I’ll be one of the first to admit that I was a tad nervous when first hearing about Investigation 2; what I’ve since dubbed, a “hyper-close reading” assignment. My brain immediately began analyzing the implications of this unorthodox task. One word into over twelve-hundred words? Yikes! The extreme unbalance of those two numbers triggered my brain’s “for real!?” response. This was most likely due to the fact that I haven’t performed many close readings before, except for the occasional close reading of a line or stanza from a poem. I’ve always been encouraged to read carefully in order to recognize patterns and to better understand the message being offered by an author, but never have I been asked to examine such a small piece of text over such a relatively large area. This obsessiveness of the minute and mundane reminds me of a reoccurring theme in the 90’s television show, Seinfeld. And in case you were wondering, I wasn’t that strange of a kid in the 90’s, my parents were just in control of the television remote during Seinfeld’s on-air existence. Although, I have to say that I do now weirdly enjoy it for the nostalgia it brings me.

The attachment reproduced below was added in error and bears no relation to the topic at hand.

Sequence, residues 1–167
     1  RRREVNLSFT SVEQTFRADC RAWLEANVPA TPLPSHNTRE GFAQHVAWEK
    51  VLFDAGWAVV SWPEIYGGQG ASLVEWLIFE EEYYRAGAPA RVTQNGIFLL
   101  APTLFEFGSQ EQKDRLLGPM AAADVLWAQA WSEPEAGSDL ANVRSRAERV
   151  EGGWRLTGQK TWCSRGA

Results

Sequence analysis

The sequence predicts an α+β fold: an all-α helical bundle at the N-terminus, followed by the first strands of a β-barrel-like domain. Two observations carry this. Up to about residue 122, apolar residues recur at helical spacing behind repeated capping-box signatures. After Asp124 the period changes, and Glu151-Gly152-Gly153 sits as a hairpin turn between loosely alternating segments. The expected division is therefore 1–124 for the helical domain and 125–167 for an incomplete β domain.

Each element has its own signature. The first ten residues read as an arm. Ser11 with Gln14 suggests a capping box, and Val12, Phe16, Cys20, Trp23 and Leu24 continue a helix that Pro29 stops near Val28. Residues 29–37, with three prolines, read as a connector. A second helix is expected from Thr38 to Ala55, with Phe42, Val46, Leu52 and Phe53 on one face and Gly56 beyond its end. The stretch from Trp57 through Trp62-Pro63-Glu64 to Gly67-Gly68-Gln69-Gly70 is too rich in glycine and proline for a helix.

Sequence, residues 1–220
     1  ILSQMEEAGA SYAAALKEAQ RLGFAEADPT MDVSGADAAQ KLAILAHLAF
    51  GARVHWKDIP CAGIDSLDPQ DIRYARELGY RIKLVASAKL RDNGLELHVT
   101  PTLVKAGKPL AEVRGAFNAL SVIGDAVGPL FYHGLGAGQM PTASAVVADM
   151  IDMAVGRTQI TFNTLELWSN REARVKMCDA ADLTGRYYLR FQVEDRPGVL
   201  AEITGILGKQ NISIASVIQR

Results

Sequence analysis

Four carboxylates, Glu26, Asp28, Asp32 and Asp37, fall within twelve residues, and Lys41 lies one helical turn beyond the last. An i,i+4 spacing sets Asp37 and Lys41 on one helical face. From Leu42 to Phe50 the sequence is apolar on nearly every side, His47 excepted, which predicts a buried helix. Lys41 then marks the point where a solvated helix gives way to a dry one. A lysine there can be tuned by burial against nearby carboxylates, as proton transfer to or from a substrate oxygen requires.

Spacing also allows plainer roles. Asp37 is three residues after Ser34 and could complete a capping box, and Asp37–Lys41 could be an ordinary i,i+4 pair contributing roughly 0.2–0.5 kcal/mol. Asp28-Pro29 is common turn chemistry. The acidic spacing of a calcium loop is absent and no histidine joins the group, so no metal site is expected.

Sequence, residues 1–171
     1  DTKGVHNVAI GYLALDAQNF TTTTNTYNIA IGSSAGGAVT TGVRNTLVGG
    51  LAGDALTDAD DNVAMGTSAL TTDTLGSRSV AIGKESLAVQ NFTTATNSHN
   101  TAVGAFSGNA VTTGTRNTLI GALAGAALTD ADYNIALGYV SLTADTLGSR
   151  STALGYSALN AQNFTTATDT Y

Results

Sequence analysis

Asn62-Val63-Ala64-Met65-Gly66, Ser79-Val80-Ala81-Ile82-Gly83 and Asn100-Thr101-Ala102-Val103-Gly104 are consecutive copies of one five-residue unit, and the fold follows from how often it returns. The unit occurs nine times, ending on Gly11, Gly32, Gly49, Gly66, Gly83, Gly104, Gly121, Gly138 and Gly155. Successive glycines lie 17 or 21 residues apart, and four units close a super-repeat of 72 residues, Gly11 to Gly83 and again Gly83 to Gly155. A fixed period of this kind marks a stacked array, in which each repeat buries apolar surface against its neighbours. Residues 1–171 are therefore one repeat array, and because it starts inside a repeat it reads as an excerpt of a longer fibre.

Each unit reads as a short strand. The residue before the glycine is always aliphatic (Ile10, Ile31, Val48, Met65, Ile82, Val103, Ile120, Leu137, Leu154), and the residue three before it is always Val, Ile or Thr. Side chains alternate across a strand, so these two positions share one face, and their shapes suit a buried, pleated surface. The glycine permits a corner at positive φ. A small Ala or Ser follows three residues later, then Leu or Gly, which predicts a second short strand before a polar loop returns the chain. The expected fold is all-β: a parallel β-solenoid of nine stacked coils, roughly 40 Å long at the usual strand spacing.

(Above is a short clip from the 90’s television show, Seinfeld, in which one of the show’s main characters, Jerry, carefully analyzes the emphasis that’s placed on particular words of a comment in an attempt to better understand the context in which the comment was uttered)
After the initial shock, I realized later that Investigation 2 wasn’t that “out-of-the-box” after all. At first, I was a bit skeptical about the assignment’s relevance. However, I can now certainly see its usefulness as an exercise in critical thinking. The reason being is that, it causes one to analyze a reading in a way that doesn’t allow conclusions to be drawn directly from what the text literally says. Instead, one must think critically about the author’s thought process, reasoning, positions, and motives. In other words, context becomes everything. The reason for the plot becomes as important, if not more important, than the plot itself. I think diving into an assignment of this kind is much less intimidating with that kept in mind.